rusq: Vol. 50 Issue 2: p. 189
Sources: Milestone Documents in World History: Exploring the Primary Sources That Shaped the World
Gregory A. Crawford

Gregory A. Crawford, PhD, Director, Penn State Harrisburg Library, Middletown, Pennsylvania

Covering the entire span of humanity’s written history, the four volumes in this set include primary documents arranged in chronological order beginning with the Reform Edict of Urukagina (ca. 2350 BCE) and ending with the Constitutive Act of the African Union, which was signed at Lomé, Togo, on July 11, 2000. From this span of over 4,000 years, the editors and the advisory board selected 125 major documents that represent all inhabited geographical regions of the earth, although the selection excludes primary sources from the United States that are covered in three other titles in the series. This set does include a few documents drawn from world religions, but many more religious primary sources are covered in Milestone Documents of World Religions (Schlager, November 2010). One main weakness of the set, however, is the lack of clarity on the selection process. For example, why is Plato’s allegory of the cave included, but not his Apology of Socrates or a selection from his Republic, which have also had enormous impact on Western civilization?

The seventy-five contributors, primarily historians from the United States, although almost twenty are based at foreign universities, follow a standard format for the article on each document. Coverage includes an overview of the document and its importance in history, the context of the document, a time line of key events surrounding the document, a biographical profile of the author or authors, an explanation and analysis of the document, the intended audience, the historical impact of the document, questions for further study, essential quotes from and about the document, further readings, the actual text of the document in English translation, and a glossary of important terms in the text. Thus a student who uses this resource will be able to both read the document and immediately have access to information that will help in understanding its importance to world history. Almost 250 photographs and illustrations accompany the articles. Although most of the illustrations are superfluous, several, such as the photograph of the stele of Hammurabi, are helpful in that they visibly illustrate the actual document. Other features of the set include activity guides for teachers, a list of documents by category (such as laws and legal codes or treaties and agreements), a list of documents by region, and a subject index.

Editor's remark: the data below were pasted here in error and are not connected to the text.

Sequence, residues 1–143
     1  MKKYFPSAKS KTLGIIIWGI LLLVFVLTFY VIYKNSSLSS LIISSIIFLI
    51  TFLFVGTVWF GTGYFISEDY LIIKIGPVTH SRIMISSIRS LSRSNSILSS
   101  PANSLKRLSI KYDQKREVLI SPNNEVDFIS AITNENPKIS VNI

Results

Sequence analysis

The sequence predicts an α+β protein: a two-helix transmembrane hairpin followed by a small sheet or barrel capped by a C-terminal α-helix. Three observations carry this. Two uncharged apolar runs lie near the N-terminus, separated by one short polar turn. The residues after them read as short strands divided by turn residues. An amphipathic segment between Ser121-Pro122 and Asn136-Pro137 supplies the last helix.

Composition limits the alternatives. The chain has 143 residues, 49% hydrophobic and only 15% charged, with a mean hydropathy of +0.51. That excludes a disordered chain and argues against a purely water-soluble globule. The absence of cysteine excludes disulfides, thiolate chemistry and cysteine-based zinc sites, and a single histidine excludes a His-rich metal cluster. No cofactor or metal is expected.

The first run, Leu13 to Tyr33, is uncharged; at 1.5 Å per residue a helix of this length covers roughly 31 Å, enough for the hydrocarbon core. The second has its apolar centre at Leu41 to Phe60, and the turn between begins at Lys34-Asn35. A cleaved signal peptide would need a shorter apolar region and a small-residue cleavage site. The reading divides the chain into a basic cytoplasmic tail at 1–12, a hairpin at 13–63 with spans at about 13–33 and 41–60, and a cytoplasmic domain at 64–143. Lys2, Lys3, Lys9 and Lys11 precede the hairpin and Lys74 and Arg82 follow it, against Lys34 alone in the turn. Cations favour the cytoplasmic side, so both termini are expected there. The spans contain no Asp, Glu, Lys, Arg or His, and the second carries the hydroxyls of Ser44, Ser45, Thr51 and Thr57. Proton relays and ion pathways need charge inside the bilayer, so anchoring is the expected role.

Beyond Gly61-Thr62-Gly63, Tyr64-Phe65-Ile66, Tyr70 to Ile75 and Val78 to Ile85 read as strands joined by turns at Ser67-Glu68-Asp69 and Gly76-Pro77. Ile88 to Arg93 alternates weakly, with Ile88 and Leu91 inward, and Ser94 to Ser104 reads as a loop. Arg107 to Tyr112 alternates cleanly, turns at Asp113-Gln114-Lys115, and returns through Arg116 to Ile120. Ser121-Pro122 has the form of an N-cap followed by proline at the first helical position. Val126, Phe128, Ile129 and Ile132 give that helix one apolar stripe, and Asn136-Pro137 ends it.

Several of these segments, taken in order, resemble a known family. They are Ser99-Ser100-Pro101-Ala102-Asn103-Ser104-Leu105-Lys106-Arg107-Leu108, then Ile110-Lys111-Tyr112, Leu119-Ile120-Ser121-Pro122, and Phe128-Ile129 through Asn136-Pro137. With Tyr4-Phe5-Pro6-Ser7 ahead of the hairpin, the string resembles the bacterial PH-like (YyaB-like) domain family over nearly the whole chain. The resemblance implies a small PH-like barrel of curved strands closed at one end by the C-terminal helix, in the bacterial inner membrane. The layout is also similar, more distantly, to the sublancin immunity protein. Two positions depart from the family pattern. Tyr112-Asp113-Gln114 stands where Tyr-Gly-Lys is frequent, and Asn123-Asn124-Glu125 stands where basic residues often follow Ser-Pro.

For teachers and students in world history survey courses, especially those in high school and lower division college classes, this will be a useful resource. Not only does it provide access to the text of important documents, it also provides a wealth of contextual information that will assist in understanding the documents themselves. Other titles cover similar grounds, but there is little overlap between them. For example, World History in Documents: A Comparative Reader edited by Peter Stearns (Pearson/Longman, 2009) includes sources from the same time span, but the focus is more on personal documents such as contracts, autobiographies, and speeches. Another set, Encounters in World History: Sources and Themes from the Global Past by Thomas Sanders et al. (McGraw-Hill, 2005) embeds original primary and visual sources into thematic chapters. Milestone Documents in World History is recommended for inclusion in high school and academic libraries. Due to the limited number of documents included, however, it will need to be supplemented by other resources that provide access to additional important primary sources.



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